Social media platforms are constantly searching for the elusive advertising balance that keeps users, influencers and brands happy. Recently, several social media sites have made major changes that will significantly impact influencers and their brand partners. Take a look below to learn how your company can make the best use of these changes!
The Change: YouTube is tightening regulations regarding who can monetize content in hopes of keeping the site a safe and attractive platform for influencers, brands and advertisers. Effective Feb. 20, creators must have garnered 4,000 hours of watch time on their channel in the past year and have at least 1,000 subscribers to qualify for monetization. This rule impacts channels applying to the YouTube Partner Program and those already in the program.
YouTube addressed the change in a post and explained that the new rules are meant to reward creators who make engaging content while preventing “bad actors” from monetizing inappropriate content. YouTube says that the vast majority of channels in the YouTube Partner Program will not be affected.
In the same blog post, YouTube announced two additional changes. Now, when determining eligibility for monetization, YouTube will take in to account channel size, audience engagement and creator behavior. Additionally, YouTube will change the algorithms of the Google Preferred content to reflect not only the most popular videos but also the most vetted.
What This Means for Brands: If your brand has a current channel with less than 1,000 subscribers and 4,000 total watch hours, you will lose your ability to monetize your channel. Brands should focus on consistent, quality videos that attract subscribers rather than attention grabbing, flash-in-the-pan content. YouTube’s new rules show that the platform values transparency and rewards consistent, long-term content creators.
The Change: Snapchat is allowing their most popular creators– verified users with “official stories”– access to an array of metrics, including: total story views in the past week, month and year; daily unique story viewers and average time unique viewers spent watching including completion rates; audience demographics and audience interests. Snapchat has been a notoriously difficult platform to measure reach and engagement, which has made it difficult for brands to measure the success of their Instagram influencers partnerships.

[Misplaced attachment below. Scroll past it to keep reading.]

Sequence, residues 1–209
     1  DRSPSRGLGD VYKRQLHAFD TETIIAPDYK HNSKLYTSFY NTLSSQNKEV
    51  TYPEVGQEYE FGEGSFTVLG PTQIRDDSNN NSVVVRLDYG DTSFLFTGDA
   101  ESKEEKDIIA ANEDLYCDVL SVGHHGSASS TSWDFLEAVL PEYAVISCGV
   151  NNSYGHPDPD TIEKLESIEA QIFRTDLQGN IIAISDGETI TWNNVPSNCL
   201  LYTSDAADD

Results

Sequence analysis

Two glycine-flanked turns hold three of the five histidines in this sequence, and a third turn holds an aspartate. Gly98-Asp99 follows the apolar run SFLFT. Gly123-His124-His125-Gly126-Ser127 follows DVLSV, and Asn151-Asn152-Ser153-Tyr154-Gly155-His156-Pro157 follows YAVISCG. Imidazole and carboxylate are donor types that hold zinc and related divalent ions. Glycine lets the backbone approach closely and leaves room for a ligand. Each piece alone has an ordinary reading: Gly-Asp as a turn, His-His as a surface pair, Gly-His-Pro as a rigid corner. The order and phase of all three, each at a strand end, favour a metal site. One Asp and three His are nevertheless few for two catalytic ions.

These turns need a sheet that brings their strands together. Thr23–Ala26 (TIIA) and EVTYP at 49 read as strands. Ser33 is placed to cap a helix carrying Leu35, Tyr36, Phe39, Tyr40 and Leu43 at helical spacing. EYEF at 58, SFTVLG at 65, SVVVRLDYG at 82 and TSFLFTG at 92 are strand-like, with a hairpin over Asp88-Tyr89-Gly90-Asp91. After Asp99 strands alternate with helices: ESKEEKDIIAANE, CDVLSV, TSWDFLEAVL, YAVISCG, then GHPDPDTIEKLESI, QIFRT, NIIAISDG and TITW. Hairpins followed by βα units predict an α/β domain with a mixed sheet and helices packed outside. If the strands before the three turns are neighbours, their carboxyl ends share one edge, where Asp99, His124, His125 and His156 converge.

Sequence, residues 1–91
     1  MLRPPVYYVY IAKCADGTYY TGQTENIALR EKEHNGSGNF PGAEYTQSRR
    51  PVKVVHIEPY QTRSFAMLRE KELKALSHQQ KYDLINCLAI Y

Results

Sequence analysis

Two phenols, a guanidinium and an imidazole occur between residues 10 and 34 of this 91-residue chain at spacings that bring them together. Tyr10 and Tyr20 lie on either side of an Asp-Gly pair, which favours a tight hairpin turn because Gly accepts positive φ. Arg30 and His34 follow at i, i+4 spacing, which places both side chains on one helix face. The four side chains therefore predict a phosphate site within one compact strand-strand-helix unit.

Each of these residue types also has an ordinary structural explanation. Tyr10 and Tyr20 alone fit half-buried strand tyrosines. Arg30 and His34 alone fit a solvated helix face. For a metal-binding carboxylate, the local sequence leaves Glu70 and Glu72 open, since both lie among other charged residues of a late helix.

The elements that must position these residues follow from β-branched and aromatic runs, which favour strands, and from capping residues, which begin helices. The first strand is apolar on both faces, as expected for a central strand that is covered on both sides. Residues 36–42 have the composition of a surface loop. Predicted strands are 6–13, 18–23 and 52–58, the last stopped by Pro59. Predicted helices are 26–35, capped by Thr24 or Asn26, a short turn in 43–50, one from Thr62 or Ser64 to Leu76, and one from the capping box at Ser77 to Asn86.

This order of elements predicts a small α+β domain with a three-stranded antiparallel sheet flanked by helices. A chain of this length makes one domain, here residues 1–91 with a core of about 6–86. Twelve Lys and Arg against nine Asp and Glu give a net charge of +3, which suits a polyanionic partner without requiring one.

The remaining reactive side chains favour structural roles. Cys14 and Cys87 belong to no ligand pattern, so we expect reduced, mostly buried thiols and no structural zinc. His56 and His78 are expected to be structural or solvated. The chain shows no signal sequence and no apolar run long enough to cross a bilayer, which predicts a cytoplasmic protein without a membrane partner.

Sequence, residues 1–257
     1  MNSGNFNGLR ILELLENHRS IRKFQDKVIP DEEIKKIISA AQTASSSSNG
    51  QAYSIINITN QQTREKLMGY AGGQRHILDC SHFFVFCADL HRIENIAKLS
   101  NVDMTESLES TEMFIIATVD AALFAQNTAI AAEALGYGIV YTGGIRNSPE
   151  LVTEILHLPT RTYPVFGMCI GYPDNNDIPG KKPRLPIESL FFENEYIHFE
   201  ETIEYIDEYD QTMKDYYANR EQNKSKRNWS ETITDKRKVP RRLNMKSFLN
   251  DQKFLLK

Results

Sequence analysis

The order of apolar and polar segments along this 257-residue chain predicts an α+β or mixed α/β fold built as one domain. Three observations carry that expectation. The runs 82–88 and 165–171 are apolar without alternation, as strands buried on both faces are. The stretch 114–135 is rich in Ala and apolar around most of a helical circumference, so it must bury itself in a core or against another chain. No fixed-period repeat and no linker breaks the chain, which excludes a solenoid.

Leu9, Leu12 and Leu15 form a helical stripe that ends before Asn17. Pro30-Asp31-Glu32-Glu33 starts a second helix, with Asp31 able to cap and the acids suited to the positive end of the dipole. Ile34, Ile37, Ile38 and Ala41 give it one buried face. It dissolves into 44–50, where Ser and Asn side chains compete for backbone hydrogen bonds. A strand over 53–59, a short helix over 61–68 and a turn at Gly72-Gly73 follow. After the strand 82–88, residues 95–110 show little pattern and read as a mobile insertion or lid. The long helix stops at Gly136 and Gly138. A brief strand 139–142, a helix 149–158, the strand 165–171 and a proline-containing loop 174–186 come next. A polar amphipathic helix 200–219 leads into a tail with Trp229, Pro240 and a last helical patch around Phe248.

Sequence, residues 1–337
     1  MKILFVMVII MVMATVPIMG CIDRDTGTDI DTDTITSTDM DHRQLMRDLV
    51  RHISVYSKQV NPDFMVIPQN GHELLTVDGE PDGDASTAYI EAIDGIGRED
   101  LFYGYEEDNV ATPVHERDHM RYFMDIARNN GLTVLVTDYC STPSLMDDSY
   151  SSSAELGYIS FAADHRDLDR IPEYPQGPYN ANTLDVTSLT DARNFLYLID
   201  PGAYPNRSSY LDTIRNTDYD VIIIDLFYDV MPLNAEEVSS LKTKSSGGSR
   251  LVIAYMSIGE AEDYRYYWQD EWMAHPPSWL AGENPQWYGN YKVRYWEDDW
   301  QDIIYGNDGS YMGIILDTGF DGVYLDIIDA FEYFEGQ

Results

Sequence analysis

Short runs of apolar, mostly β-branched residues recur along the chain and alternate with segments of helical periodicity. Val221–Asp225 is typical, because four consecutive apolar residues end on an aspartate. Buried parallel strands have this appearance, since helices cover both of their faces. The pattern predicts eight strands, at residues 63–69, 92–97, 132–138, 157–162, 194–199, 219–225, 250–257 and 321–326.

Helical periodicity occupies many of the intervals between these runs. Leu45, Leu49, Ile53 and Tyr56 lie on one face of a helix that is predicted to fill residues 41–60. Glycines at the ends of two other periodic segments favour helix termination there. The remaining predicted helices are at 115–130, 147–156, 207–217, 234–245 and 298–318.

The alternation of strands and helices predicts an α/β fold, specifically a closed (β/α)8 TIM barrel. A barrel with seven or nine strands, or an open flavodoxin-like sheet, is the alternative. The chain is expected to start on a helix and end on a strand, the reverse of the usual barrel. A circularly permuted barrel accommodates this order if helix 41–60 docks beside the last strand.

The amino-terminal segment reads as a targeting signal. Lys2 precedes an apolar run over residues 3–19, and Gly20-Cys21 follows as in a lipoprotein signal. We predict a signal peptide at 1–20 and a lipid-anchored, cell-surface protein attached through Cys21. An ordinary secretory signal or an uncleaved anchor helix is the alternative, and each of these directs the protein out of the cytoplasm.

What this Means for Brands: New analytic information could help brands secure more effective sponsorship deals with the right influencers. Brands can help influencers refine their content to appeal to target audiences. Brands can also measure engagement on Instagram against engagement on other social media platforms.
The Change: In an effort to more accurately gauge the effectiveness of organic posts, Facebook now measures organic posts with the same methodology used for promoted posts. Historically, Facebook measured organic posts by how many times that content was delivered to a News Feed, while promoted posts only count if they entered a user’s screen. Facebook announced the change in a recent post. The changes went in to effect on Feb. 12.
In addition to updating reach measurement, Facebook also announced that they are redesigning Page Insights, making important information easier to find by moving the most commonly used metrics to the top. The new top-page metrics include general page diagnostics, including number of likes, reach and engagement; results of actions recently taken, such as a recent post performance; and the preview of new Page engagement, such as new followers demographics.
What This Means for Brands: Though business pages will now have more precise reporting, Facebook points out that an unintended consequence could be a lower number of views. Facebook is offering side-by-side comparisons between the old version and the new for the next few months.
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